Can I go to college even though I am undocumented?

The answer to this question is a resounding yes. Many colleges take undocumented students each year, and the difficulties and experiences that undocumented students bring contribute greatly to the diversity of any student body.

Why should I go to college? Isn’t it pointless if I’m undocumented?

“Man…is a tame or civilized animal; never the less, he requires proper instruction and a fortunate nature, and then of all animals he becomes the most divine and most civilized; but if he be insufficiently or ill- educated he is the most savage of earthly creatures.” — Plato

In “The Republic,” Plato argues that a good life for a human being is that which is spent learning and seeking “the truth.” As undocumented students, we have an opportunity and a responsibility to educate ourselves and uphold the values of compassion and perseverance that have made the integrity of the American people so immutable.

The practical case for college is this: Those who go to college earn about 60% more than those who do not. Going to college is so important in today’s job market, and entering the work force without a college degree puts one at a distinct disadvantage. Many undocumented students skeptical about the advantage of going to college with its upfront cost and lost opportunities to get a head start in the work force often cite college drop-out billionaires such as Gates or Zuckerburg, but forget that these are outliers with a brilliant idea that brought them great wealth.

Going to college isn’t just about increasing one’s fit in the job market. I encourage you to read Harvard University President Drew Faust’s speech on the value of a college education. Going to college teaches you ideas, people, and opportunities that you forgo by not attending. College may avail you to opportunities you have no idea even exist, and the real value of college, especially as an undocumented student, isn’t all in what you gain academically, but everything in between.

What is the DREAM Act? DACA?

The DREAM Act (Development, Relief, and Education for Alien Minors Act) is a bill first introduced in the Senate in 2001. This is a piece of legislation, and would provide conditional permanent residency to beneficiaries that satisfy these conditions:

  1. Not have entered the United States on a non-immigrant Visa.
  2. Have proof of having arrived in the United States before age 16.
  3. Have proof of residence in the United States for at least five consecutive years since their date of arrival.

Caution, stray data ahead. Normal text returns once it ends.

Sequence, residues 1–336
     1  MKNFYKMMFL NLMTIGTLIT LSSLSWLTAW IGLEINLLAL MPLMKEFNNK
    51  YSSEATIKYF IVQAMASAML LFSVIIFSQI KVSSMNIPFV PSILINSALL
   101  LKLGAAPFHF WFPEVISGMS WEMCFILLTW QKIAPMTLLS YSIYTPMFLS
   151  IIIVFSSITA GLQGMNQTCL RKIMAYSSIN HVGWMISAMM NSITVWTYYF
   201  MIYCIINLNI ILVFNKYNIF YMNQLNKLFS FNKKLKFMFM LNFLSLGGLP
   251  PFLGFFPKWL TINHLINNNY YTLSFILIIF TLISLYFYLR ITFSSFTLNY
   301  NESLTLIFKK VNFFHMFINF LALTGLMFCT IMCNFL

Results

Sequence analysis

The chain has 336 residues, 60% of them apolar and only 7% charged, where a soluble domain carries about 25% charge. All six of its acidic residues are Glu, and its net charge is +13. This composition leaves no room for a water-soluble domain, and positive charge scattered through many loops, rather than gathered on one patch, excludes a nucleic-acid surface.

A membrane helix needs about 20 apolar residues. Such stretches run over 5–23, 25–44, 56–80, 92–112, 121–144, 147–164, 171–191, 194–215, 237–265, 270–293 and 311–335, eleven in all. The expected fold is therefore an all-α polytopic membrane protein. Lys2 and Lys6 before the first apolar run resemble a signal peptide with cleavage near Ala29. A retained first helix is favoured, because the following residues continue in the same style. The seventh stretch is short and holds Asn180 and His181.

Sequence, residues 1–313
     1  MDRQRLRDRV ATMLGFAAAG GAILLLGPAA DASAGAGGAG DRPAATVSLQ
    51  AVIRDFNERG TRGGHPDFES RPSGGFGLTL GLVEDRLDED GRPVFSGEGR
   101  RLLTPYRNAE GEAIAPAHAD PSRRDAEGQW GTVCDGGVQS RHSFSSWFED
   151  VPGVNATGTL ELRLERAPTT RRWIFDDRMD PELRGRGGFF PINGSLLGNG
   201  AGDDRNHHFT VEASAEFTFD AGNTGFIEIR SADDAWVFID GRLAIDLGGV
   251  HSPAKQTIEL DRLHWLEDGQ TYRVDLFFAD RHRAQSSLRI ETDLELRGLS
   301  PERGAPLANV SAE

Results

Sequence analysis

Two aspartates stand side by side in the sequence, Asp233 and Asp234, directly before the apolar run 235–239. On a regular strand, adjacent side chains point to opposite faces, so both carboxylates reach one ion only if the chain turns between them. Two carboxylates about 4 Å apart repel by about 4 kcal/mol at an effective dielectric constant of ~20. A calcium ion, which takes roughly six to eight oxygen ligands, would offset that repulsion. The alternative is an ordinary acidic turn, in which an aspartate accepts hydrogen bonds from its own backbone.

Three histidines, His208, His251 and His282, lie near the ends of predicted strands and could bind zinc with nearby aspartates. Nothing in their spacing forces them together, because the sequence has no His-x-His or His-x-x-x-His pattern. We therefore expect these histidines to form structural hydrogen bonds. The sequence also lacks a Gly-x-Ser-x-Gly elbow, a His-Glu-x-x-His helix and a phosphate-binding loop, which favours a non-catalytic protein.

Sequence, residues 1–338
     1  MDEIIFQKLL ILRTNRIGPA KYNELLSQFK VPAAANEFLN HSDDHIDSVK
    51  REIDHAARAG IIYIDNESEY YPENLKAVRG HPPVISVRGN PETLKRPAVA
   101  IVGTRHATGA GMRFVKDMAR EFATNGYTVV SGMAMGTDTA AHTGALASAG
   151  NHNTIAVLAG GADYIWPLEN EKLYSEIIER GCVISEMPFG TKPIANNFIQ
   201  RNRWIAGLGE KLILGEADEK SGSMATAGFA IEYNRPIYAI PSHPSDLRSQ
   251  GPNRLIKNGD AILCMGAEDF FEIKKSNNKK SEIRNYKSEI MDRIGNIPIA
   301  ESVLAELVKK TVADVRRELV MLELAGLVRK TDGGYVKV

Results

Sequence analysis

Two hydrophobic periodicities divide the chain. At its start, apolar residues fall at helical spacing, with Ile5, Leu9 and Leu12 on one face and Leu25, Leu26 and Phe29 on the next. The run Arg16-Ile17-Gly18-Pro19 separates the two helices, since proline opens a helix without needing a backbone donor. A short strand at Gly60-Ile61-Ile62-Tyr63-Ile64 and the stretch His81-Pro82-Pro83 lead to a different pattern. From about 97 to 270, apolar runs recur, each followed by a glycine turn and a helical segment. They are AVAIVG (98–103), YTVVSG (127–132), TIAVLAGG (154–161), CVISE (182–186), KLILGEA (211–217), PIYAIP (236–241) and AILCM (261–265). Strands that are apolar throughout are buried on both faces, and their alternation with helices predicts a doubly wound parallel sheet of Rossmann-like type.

4. If male, have registered with the Selective Service.
  5. Be between the ages of 12 and 35 at the time of bill enactment.
  6. Have graduated from an American high school, obtained a GED, or been admitted to an institution of higher education.
  7. Be of good moral character.

15 states have their own versions of the DREAM Act, those states being Texas, California, Illinois, Utah, Nebraska, Kansas, New Mexico, New Jersey, New York, Washington, Wisconsin, Massachusetts, Maryland, Minnesota, and Oregon.

DACA (Deferred Action for Childhood Arrivals) is a deportation policy that would allow immigration officials to use prosecutorial discretion in deporting unauthorized immigrants. DACA does NOT confer immigration status to an individual, but rather protects recipients from deportation. It also authorizes recipients to work in the United States.

Should I tell the schools to which I’m applying whether or not I am undocumented?

Under the Family Educational Rights and Privacy Act, schools are under no circumstances permitted to release the citizenship status of students to colleges when releasing academic records. That said, it may be important for schools to know your status when it comes to eligibility for in-state tuition. If you check “international student” as the only alternative to “Citizen” or “Permanent resident,” you may become ineligible for in-state tuition. Although schools may have you apply that way, an international student is NOT the same as an undocumented student.

Other than these considerations, I encourage students comfortable with revealing their status to do so wholeheartedly. When admissions counselors ask questions to get to know the students that apply to their schools, talking about your experiences as an undocumented student and what you gained out of an experience can be more advantageous than you could imagine. Being undocumented manifests itself differently for every family and for every student. However, it can be an extremely character building challenge, which is a powerful thing to talk about.

What do I write if an external school application requires a social security number?

You should ask the school or program to which you are applying, but if all else fails or you are in a rush, you may want to fill out 000-000-0000 as the SSN, and NOT the individual taxpayer number given by the IRS, unless explicitly stated.